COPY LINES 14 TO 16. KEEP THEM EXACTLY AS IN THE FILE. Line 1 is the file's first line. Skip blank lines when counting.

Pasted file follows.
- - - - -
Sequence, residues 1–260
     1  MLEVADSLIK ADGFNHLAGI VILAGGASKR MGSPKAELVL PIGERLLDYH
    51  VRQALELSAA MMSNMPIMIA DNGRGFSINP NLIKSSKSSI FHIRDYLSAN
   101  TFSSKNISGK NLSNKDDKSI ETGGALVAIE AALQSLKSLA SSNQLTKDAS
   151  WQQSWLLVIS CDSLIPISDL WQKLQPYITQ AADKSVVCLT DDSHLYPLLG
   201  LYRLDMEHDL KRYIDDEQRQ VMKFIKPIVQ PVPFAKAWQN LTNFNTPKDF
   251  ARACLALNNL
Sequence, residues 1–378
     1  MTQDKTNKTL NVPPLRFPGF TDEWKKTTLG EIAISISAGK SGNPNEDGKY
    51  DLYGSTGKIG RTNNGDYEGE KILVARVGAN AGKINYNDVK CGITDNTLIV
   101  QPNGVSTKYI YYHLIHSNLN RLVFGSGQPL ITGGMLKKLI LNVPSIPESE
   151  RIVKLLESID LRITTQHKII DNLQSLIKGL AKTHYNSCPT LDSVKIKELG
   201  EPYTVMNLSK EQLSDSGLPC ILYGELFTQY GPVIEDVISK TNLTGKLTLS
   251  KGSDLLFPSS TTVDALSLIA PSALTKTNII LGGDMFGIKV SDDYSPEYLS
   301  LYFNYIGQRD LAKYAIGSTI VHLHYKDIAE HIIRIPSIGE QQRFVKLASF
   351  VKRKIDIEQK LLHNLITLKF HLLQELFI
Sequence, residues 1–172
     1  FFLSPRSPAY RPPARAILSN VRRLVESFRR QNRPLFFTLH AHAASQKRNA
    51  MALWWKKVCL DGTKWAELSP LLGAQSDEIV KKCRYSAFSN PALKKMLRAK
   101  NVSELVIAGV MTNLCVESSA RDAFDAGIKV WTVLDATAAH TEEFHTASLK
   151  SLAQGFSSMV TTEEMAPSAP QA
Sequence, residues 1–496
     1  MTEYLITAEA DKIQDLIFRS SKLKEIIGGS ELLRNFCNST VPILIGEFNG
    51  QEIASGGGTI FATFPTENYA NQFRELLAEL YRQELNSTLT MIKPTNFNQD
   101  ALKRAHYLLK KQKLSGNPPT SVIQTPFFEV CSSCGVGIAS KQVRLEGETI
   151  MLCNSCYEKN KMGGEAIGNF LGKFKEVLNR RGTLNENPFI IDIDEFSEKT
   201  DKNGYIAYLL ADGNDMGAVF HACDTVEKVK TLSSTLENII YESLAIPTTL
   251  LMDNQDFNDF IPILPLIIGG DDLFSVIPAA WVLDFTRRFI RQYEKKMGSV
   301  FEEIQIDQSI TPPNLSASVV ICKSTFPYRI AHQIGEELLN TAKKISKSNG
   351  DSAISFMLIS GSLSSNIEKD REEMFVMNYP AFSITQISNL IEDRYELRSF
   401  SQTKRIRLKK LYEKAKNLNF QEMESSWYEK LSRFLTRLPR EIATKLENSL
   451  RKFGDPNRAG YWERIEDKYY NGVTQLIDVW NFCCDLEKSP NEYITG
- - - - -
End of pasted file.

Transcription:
   251  KGSDLLFPSS TTVDALSLIA PSALTKTNII LGGDMFGIKV SDDYSPEYLS
   301  LYFNYIGQRD LAKYAIGSTI VHLHYKDIAE HIIRIPSIGE QQRFVKLASF
   351  VKRKIDIEQK LLHNLITLKF HLLQELFI